With just weeks to go until borrowers must start paying their federal student loans for the first time in three years, the Biden administration on Tuesday officially launched its income-driven student loan repayment plan, setting off on a new outreach blitz.
The Saving on a Valuable Education, or SAVE, plan was finalized in the wake of the Supreme Court’s decision to overturn President Joe Biden’s student loan forgiveness program. The new plan lowers monthly payments for borrowers based on income, halts loans from growing due to unpaid interest and lessens requirements for low-balance borrowers to receive forgiveness.
“It’s the most affordable student loan plan ever,” Biden declared in an announcement video, adding education beyond high school should be a “ticket to the middle class, not a burden that weighs people down for decades to come.”
Student borrowers can fill out an application on the federal student aid website. People are encouraged to apply within the next few days as applications will take around four weeks to process, an administration official said.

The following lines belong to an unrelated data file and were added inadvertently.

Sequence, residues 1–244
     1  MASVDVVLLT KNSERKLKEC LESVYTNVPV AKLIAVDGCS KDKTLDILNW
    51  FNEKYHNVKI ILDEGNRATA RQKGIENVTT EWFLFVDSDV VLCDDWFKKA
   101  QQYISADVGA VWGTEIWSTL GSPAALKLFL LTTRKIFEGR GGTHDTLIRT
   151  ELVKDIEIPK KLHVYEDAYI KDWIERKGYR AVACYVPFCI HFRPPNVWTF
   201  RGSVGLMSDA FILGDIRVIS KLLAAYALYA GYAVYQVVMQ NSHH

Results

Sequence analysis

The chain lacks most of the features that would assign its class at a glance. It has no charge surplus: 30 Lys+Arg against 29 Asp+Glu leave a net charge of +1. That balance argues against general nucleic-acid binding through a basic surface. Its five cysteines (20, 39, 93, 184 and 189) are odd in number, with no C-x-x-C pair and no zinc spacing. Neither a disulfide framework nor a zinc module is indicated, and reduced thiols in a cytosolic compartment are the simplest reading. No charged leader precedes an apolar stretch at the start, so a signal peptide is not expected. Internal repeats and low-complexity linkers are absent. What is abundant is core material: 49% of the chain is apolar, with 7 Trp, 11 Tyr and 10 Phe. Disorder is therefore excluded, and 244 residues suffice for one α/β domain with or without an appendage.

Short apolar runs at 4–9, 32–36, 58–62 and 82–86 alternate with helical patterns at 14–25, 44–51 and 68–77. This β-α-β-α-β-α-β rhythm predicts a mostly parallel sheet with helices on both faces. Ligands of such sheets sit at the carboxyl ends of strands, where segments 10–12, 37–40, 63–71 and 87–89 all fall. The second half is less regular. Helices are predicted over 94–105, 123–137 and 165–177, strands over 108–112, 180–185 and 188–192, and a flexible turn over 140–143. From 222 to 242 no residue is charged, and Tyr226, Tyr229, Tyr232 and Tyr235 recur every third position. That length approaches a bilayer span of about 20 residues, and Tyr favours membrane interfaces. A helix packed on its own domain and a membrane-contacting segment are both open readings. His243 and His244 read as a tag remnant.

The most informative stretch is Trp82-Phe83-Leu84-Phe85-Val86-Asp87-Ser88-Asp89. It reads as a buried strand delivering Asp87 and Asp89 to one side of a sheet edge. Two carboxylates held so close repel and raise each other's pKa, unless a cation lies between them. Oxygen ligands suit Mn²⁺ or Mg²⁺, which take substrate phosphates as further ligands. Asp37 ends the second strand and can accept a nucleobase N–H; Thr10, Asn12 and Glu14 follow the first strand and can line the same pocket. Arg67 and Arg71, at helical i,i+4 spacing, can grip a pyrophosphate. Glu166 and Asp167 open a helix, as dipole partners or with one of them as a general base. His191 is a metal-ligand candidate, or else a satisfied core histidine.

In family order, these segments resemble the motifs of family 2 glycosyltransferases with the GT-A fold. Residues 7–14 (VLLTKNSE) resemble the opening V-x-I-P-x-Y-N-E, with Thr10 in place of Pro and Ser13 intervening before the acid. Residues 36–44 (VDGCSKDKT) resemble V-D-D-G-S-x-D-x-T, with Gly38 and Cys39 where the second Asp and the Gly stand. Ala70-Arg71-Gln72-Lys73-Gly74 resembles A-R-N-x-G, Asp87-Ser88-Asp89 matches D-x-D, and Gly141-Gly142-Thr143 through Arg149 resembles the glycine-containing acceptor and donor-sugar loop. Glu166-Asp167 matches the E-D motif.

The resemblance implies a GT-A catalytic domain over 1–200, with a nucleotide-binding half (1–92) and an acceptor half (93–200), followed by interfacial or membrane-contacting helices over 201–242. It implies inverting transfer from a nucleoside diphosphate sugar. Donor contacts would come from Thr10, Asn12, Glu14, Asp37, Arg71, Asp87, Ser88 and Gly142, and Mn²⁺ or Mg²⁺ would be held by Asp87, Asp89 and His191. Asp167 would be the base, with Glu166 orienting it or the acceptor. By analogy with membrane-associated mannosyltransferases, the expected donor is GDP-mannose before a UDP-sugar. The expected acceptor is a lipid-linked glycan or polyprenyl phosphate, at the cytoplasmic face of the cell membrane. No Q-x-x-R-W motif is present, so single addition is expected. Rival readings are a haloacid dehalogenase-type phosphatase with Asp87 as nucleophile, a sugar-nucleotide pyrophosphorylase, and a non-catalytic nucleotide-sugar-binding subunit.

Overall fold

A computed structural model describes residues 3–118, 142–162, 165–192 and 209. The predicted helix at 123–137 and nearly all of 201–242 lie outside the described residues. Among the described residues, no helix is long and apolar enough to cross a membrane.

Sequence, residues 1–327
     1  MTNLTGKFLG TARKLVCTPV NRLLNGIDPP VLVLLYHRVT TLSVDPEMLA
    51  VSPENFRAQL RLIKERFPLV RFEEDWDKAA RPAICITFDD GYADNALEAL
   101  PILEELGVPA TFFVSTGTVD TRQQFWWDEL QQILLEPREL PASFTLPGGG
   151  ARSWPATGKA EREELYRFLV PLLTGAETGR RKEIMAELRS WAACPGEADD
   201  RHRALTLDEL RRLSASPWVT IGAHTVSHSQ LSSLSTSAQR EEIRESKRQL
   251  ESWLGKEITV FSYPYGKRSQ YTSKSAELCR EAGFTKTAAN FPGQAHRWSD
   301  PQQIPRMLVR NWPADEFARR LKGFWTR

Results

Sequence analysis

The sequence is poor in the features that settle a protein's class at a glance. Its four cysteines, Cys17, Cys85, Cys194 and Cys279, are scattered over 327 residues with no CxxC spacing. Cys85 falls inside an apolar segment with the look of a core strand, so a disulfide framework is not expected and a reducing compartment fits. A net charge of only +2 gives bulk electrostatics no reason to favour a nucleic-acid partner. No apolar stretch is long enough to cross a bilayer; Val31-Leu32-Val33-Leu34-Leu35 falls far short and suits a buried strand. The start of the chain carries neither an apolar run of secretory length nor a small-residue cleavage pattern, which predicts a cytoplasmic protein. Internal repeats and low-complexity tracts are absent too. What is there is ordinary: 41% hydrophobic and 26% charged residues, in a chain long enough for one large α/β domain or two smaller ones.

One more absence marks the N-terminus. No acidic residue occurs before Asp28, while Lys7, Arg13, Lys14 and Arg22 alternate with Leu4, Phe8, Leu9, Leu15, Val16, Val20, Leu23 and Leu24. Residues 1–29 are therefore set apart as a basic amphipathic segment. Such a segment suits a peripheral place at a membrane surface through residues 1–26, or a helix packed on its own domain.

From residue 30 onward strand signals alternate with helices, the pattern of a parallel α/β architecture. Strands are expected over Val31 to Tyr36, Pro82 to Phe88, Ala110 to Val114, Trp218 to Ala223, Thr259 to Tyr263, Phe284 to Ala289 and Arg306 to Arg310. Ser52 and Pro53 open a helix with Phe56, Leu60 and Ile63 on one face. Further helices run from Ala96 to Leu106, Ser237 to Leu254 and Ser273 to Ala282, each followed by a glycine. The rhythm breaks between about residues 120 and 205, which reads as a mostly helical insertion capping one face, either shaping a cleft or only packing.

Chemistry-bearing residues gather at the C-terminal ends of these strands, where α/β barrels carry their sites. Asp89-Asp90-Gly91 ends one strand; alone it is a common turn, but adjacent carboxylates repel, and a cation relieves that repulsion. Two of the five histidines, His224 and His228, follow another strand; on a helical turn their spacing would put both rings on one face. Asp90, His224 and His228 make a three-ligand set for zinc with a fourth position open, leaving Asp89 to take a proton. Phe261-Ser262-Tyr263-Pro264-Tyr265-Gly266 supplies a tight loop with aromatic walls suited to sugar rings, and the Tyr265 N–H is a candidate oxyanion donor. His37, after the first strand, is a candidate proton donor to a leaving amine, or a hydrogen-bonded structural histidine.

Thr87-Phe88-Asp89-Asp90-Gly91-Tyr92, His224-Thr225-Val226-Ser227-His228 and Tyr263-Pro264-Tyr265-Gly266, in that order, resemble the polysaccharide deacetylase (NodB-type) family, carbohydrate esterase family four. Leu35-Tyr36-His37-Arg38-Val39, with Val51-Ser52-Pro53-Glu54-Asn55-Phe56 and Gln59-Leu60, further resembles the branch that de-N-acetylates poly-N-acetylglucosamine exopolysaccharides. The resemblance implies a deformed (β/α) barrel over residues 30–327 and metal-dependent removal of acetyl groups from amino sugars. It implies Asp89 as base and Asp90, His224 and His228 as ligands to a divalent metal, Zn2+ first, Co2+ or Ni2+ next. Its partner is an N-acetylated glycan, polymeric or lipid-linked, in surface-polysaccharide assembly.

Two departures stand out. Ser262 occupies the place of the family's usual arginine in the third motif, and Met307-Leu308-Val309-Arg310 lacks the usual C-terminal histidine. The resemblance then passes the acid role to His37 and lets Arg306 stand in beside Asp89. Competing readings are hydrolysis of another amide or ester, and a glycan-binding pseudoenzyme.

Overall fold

Interest will start to accrue on student loans in September and borrowers will have to start making payments again in October.
However, some parts of this plan – specifically the lowering of monthly payments from 10% of a person’s discretionary income to 5% for undergraduate loans – will not go into effect until next year.
The administration estimates more than 20 million people could benefit from the plan and the typical borrower will save around $1,000 a year.
As part of Tuesday’s announcement, the administration is kicking off the “SAVE on Student Debt” outreach campaign in which it will partner with organizations to help make borrowers aware of the program. Those organizations include Civic Nation, the NAACP, the National Urban League, Rise, the Student Debt Crisis Center, UnidosUS and Young Invincibles.
The Department of Education also says it will directly contact borrowers to encourage them to apply over the next few days.
In June, the Supreme Court’s conservative majority determined that the Biden administration’s plan to cancel up to $400 billion in student loans overstepped the White House’s constitutional authority.
Following the ruling, the Biden administration announced it will try a new path to forgiving debt under the Higher Education Act of 1965. That plan is expected to take months to finalize.
The administration also announced a 12-month “on-ramp” repayment plan in which borrowers will not receive harsh financial penalties, such as being reported to credit bureaus or debt collection agencies, if they miss a payment between Oct. 2023 and Sept. 2024. The idea is to ease borrowers into paying federal loans after the three-year pandemic pause.